Need for Speed in Oracle Environments – The Impact of Long Tail Latency

Posted by Field Insight on Jun 21, 2019 5:30:00 AM
Field Insight

Businessman flying super fast with data numbers left behind concept

All communications in an application stack generally take a few microseconds. Some take a few milliseconds which results in higher latency also known as long tail latency.

How to Identify Long Tail LatencyLongTail

Most of the storage array vendors use average latency to determine the response times. Also, average response time is by far the most commonly used metric in application performance management. If the response time is always consistent (transactions run at the same speed), the response time distribution is roughly bell curved which means the performance observed would represent the majority or more than half of the transactions. In real life situations this is not the case, most applications have few high response times or very heavy outliers and these result in long tails.

A long tail does not indicate several slow transactions, but few that are magnitudes slower than the normal. These outliers cannot be determined with average response times. A percentile analysis will indicate where these long tail latencies are present and its impact on applications. For example, a 99th percentile latency of 200ms indicates that every 1 in 100 requests experience 20ms of delay. If an online store has 10,000 transactions, about 100 transactions experience a 200ms delay which may not be a good end user experience.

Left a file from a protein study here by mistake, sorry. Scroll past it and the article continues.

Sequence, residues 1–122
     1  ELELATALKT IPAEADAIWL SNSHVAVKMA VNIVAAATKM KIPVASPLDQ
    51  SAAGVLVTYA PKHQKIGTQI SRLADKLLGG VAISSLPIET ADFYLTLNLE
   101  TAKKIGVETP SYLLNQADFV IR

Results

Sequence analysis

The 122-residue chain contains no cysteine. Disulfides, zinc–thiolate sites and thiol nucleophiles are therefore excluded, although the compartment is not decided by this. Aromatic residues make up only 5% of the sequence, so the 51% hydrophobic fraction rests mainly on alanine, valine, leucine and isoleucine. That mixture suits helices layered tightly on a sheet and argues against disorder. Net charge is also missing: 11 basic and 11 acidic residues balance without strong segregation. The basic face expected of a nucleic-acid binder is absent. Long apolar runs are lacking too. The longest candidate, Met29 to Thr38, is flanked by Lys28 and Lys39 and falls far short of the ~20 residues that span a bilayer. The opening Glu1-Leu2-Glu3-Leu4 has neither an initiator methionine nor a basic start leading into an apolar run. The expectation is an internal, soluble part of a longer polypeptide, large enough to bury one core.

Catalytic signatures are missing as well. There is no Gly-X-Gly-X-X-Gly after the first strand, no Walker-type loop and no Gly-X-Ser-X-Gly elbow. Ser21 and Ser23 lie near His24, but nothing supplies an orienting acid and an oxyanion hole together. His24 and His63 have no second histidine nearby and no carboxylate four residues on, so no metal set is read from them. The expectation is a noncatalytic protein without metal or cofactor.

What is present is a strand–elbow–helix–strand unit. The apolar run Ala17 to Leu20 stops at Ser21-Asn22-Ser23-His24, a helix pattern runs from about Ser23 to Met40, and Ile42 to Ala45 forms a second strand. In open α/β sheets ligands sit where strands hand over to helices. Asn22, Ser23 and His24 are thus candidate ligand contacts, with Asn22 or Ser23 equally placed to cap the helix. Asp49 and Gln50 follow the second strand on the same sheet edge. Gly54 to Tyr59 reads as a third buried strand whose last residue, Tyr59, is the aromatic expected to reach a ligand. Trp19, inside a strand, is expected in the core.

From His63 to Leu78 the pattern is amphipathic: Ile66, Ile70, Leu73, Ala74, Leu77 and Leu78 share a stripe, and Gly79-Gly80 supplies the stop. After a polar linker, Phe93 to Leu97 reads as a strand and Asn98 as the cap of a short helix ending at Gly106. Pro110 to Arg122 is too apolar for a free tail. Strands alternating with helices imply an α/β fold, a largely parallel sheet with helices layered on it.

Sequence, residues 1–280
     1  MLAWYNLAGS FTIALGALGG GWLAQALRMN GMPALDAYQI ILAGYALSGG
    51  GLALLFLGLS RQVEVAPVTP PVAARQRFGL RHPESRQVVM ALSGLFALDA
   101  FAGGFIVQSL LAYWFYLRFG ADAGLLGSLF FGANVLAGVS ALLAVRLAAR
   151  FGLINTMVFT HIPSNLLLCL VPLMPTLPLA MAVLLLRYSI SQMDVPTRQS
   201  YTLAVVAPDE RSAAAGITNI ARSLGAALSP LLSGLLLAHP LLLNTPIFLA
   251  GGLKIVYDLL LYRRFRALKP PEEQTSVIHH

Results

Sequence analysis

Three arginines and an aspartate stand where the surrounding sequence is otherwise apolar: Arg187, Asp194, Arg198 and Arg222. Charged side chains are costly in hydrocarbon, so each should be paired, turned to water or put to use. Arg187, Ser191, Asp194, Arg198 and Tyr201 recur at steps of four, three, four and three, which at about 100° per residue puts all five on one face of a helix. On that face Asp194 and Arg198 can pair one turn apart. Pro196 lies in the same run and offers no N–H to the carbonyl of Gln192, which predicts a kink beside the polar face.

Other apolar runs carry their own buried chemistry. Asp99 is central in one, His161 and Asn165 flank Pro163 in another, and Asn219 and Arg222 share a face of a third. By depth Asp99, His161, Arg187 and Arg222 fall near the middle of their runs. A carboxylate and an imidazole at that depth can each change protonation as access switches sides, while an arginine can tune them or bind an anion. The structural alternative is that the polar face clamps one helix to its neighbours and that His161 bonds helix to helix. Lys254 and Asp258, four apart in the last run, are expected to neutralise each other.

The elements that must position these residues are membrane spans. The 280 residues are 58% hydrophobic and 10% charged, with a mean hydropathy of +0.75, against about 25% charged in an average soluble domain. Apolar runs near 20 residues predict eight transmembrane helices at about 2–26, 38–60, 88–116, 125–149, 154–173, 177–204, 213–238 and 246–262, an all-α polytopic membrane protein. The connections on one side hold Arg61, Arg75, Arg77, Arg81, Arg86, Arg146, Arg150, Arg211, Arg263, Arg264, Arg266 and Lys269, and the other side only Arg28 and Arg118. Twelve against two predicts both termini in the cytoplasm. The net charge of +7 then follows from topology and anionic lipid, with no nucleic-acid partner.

Violin’s patented architecture delivers consistent performance which eliminates the long tail latency. In a real-world BI application running on a Violin Storage platform, a 99th percentile latency is around 750 microseconds compared to a competition’s 99th percentile value of 2.83 milliseconds. Violin Storage Platform delivers microsecond latencies 99% of the time.

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Topics: OLTP, Oracle, All Flash Array